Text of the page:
Taliban suicides in besieged city
KONDUZ, Afghanistan (CNN) -- Taliban fighters in the besieged Afghan city of Konduz are killing themselves rather than give themselves up to Northern Alliance troops, CNN has learned.
Sources inside the city have told CNN that around 60 Chechen fighters drowned themselves in the Amu River, while a Northern Alliance commander said 25 trapped Taliban fighters fatally shot one another when they saw opposition troops advancing towards them.
Hardline Taliban fighters have also killed local Taliban who want to surrender, sources tell CNN.
Taliban positions near Konduz were bombed by U.S. planes for a second straight day on Sunday, while the Northern Alliance said it has surrounded the city with around 30,000 troops.
Plumes of smoke were seen in areas about nine miles (15 km) outside Konduz, the Taliban's last stronghold in northern Afghanistan, after a U.S. B-52 bomber hit Taliban positions. U.S. F-14s were also seen flying in the area.
The Northern Alliance said it was not prepared to move forward into the city because it is low on ammunition and is waiting for the outcome of the U.S. strikes.
The opposition is also attempting to engineer Taliban defections.
The Northern Alliance said it is willing to offer the hardline Taliban troops -- which include Chechen, Pakistani and Arab fighters -- safe passage from Konduz if they will surrender their weapons, but there was no indication on Sunday that the Taliban was willing to accept the offer.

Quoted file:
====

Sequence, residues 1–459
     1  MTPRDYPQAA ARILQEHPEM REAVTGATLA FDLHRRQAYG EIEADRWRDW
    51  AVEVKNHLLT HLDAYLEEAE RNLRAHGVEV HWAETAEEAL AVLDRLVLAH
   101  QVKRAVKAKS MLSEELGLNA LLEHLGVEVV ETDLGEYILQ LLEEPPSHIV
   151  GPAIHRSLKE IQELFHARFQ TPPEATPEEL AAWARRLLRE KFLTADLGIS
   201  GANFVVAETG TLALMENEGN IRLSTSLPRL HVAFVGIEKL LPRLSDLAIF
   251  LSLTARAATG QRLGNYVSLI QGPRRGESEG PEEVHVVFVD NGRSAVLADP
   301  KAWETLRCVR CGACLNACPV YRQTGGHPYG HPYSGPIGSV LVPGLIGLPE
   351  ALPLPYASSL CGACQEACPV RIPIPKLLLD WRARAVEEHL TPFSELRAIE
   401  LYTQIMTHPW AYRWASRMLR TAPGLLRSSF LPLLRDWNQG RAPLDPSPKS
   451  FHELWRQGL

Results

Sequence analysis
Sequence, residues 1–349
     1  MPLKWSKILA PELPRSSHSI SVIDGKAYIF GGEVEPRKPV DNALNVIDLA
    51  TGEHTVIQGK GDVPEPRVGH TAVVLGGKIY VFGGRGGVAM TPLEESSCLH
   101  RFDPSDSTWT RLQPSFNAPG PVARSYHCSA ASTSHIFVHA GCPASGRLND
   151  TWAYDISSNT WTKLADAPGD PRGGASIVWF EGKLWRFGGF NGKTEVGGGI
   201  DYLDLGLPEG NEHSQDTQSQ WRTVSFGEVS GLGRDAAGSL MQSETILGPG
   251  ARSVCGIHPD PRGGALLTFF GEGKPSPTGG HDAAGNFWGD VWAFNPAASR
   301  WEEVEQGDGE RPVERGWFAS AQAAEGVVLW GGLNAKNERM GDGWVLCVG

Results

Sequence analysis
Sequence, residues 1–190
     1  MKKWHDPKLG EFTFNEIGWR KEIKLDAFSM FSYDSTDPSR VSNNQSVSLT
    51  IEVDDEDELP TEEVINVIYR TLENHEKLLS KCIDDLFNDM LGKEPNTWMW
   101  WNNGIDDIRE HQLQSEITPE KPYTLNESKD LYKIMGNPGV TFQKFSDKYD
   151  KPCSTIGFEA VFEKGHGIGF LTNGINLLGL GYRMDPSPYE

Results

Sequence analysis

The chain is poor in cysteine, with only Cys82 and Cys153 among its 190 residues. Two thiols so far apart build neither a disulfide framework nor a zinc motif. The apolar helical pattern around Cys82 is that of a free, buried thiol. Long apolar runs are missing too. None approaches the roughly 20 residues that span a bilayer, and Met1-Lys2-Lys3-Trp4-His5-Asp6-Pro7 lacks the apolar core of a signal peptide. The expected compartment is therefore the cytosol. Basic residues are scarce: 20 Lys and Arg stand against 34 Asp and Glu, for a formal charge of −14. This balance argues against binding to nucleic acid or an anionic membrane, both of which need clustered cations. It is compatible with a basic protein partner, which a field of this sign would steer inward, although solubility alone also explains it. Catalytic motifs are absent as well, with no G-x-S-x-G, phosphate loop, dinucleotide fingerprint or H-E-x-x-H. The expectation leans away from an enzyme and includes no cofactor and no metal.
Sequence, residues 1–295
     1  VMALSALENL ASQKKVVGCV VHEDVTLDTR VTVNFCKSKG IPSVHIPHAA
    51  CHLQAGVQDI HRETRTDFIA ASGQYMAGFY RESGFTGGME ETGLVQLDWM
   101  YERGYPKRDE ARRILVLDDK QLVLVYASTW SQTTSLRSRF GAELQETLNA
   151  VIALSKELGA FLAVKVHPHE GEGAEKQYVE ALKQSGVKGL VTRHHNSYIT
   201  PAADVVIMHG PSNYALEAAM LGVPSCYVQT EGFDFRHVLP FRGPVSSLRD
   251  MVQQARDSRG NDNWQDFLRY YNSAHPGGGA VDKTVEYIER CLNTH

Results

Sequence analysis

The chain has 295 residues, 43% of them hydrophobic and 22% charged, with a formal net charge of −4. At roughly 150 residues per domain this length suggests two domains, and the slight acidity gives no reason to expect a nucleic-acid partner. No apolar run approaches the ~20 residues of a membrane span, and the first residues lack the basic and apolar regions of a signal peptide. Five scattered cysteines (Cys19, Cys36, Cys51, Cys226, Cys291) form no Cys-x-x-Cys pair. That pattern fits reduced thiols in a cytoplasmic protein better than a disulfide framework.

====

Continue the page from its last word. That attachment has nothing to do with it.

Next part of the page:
The Taliban troops in Konduz are thought to include thousands of foreign fighters loyal to Osama bin Laden and willing to fight to the death.
There are reports that the Taliban is refusing to allow civilians to leave the city and that streets are deserted but for Taliban soldiers.
Mohammed Ibrahim, who escaped from Konduz, told the UK Sunday Telegraph newspaper that the Taliban were forcing local men to fight for them. He said those who refused were being beaten or killed.
Some civilians who have managed to escape the city have arrived in Mazar-e Sharif.
-- CNN Correspondent Satinder Bindra contributed to this report
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